Australian airline Qantas said on Monday it is eliminating 500 jobs by merging maintenance facilities to save up to AUD$100 million (USD$98.4 million) annually, as high fuel costs and weak demand take a toll on airline profits.
Qantas, which is emerging from a costly industrial dispute, said in a statement it will stop heavy maintenance at Tullamarine in Melbourne and concentrate on Brisbane and Avalon, resulting in the job cuts. It had, in February, flagged another 500 job cuts for the group.
The latest move will save it AUD$70 million to AUD$100 million a year but will result in one-off costs of AUD$50 million, and takes estimated costs of an overhaul plan for the second half of fiscal 2012 to between AUD$250 million and AUD$260 million, it said.
The overhaul plan is a bid by chief executive Alan Joyce to protect profits and the investment-grade rating of Qantas.
Earlier this month, the airline said it would delay taking delivery of two Airbus A380s to reduce capital expenditure by a further AUD$400 million, raising capex cuts to AUD$900 million. It is also consolidating engineering, ground and maintenance operations and wants to sell some catering units.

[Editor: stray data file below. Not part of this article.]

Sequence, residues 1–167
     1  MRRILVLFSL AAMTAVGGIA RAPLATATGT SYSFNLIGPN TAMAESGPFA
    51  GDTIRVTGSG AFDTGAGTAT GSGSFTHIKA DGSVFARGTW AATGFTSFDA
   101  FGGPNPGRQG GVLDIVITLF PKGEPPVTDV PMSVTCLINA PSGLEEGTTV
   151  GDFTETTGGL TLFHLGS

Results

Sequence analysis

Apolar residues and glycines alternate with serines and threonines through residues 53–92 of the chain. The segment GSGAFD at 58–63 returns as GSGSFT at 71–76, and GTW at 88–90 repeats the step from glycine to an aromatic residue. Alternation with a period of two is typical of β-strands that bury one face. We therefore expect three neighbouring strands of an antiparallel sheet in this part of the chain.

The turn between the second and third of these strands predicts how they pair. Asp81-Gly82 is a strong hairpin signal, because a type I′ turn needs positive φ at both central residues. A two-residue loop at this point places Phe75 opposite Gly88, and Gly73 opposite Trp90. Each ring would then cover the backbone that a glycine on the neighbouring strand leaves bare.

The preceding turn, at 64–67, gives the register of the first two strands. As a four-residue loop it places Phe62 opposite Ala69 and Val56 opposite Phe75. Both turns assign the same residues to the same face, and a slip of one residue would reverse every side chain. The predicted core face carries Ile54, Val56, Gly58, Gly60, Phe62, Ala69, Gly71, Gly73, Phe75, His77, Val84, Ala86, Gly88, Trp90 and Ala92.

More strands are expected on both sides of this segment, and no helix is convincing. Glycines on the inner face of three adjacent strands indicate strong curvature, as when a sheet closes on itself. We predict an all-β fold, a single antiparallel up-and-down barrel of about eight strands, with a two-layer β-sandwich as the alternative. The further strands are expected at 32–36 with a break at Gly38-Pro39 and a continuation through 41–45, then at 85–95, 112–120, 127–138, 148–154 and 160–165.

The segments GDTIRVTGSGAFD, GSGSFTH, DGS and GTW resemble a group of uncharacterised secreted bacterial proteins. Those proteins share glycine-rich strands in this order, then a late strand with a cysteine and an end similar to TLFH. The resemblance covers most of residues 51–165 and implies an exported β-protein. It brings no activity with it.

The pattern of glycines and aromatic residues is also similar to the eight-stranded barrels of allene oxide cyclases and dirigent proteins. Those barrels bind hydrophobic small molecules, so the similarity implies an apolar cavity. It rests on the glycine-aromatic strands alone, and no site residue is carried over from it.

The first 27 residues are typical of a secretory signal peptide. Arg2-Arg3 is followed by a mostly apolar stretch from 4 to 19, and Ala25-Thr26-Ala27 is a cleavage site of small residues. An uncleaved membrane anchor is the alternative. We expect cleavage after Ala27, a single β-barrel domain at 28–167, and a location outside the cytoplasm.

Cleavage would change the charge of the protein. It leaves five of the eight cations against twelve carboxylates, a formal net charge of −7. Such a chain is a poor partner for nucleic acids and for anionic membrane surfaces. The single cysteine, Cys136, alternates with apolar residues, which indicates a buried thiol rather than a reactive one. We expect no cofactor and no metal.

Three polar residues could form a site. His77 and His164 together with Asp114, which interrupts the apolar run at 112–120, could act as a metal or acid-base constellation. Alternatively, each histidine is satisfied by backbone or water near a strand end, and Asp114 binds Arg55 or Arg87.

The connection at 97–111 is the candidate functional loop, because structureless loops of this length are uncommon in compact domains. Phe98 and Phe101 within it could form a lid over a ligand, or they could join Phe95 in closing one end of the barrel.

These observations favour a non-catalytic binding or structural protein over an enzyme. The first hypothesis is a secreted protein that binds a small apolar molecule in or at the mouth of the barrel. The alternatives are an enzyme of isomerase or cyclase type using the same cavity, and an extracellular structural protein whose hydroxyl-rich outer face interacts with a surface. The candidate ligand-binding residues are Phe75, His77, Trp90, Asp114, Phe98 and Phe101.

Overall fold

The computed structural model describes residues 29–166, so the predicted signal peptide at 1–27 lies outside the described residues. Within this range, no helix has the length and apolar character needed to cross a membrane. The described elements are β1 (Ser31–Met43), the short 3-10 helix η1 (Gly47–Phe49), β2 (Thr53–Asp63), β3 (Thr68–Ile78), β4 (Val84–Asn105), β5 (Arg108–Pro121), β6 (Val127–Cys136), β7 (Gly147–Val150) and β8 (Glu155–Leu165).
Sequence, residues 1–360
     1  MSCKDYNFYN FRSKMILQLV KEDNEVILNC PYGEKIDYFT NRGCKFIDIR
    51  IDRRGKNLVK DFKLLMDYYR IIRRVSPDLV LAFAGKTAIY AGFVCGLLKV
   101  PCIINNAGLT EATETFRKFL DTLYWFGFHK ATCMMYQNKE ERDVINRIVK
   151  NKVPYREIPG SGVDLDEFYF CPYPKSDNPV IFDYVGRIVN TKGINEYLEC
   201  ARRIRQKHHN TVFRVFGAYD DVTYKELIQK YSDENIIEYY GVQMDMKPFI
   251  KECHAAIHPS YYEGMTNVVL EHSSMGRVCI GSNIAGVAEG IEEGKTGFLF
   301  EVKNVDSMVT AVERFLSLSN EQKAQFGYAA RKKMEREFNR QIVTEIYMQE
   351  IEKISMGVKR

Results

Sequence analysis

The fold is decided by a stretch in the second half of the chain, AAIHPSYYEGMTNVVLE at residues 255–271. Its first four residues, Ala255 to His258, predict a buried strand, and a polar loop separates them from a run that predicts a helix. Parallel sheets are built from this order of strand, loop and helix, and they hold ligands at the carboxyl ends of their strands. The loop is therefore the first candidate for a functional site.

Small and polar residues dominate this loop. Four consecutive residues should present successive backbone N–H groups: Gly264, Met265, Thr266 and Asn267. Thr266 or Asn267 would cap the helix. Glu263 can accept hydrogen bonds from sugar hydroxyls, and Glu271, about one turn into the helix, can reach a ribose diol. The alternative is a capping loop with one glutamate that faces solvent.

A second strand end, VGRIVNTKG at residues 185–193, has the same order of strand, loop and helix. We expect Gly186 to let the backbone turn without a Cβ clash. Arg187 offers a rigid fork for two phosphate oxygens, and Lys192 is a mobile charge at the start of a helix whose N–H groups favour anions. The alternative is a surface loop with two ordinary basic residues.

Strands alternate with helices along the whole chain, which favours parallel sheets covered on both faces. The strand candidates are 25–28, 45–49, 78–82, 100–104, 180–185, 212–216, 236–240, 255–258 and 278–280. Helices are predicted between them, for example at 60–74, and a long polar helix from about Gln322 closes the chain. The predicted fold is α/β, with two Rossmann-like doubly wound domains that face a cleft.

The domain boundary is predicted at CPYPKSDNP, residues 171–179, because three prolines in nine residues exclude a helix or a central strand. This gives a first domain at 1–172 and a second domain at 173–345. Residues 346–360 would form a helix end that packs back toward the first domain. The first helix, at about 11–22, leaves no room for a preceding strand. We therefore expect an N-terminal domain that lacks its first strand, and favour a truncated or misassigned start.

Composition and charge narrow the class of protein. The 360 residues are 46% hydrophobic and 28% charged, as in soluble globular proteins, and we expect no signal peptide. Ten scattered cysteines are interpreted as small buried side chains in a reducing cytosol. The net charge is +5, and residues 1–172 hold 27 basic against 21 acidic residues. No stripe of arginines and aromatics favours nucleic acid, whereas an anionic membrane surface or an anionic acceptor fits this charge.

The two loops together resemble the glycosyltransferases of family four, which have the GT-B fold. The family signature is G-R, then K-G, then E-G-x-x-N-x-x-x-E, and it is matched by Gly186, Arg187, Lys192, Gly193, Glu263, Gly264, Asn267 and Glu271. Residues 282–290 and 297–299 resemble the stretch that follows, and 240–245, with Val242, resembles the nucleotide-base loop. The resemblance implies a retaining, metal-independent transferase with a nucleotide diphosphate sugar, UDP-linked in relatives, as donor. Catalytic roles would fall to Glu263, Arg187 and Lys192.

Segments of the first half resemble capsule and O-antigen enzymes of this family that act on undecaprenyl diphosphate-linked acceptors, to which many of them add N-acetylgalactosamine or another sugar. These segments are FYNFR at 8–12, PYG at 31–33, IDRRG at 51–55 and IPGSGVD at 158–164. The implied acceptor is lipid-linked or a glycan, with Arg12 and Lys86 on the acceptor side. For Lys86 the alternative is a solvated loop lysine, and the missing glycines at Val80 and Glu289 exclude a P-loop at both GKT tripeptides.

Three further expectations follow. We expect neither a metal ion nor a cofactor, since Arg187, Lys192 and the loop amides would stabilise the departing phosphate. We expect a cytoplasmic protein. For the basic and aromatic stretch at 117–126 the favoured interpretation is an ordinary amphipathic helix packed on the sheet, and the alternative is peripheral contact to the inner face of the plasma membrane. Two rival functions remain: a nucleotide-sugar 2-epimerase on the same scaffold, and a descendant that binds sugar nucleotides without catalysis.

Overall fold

“Like the manufacturing industry, aviation maintenance is a labour and capital intensive sector,” Alan Joyce said in a statement.
“Our cost base in heavy maintenance is 30 percent higher than that of our competitors – we must close this gap to secure Qantas’ future viability and success.”
H1 PROFIT SLIDE
The review of heavy maintenance was announced in February when Qantas said its first-half profit halved and follows the introduction of newer aircraft such as the A380 superjumbo and plans for the new Boeing 787.
“We cannot take advantage of this new generation of aircraft if we continue to do heavy maintenance in the same way we did 10 years ago,” Joyce said.
More than 90 percent of Qantas’s 30,000-plus employees are in Australia, and employee unions’ fears that it will send jobs offshore helped spark last year’s bruising industrial battle that led to the grounding of its entire fleet and prompted intervention by Australia’s industrial umpire.
Qantas said the latest decision follows a two month consultation with unions, employees and other stakeholders to discuss the challenges of having three sub-optimal heavy maintenance bases.